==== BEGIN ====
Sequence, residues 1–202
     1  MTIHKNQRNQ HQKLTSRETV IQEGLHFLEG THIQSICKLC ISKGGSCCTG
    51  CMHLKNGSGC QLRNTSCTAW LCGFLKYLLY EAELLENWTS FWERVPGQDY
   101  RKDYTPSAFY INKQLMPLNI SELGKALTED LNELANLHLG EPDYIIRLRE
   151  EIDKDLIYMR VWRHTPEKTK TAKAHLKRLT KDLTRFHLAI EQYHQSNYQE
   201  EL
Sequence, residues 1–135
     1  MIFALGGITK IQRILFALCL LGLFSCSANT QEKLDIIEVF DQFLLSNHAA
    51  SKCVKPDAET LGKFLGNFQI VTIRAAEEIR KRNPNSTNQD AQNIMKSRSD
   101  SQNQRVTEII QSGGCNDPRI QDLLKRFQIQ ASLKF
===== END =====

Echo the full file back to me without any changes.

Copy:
Sequence, residues 1–202
     1  MTIHKNQRNQ HQKLTSRETV IQEGLHFLEG THIQSICKLC ISKGGSCCTG
    51  CMHLKNGSGC QLRNTSCTAW LCGFLKYLLY EAELLENWTS FWERVPGQDY
   101  RKDYTPSAFY INKQLMPLNI SELGKALTED LNELANLHLG EPDYIIRLRE
   151  EIDKDLIYMR VWRHTPEKTK TAKAHLKRLT KDLTRFHLAI EQYHQSNYQE
   201  EL
Sequence, residues 1–135
     1  MIFALGGITK IQRILFALCL LGLFSCSANT QEKLDIIEVF DQFLLSNHAA
    51  SKCVKPDAET LGKFLGNFQI VTIRAAEEIR KRNPNSTNQD AQNIMKSRSD
   101  SQNQRVTEII QSGGCNDPRI QDLLKRFQIQ ASLKF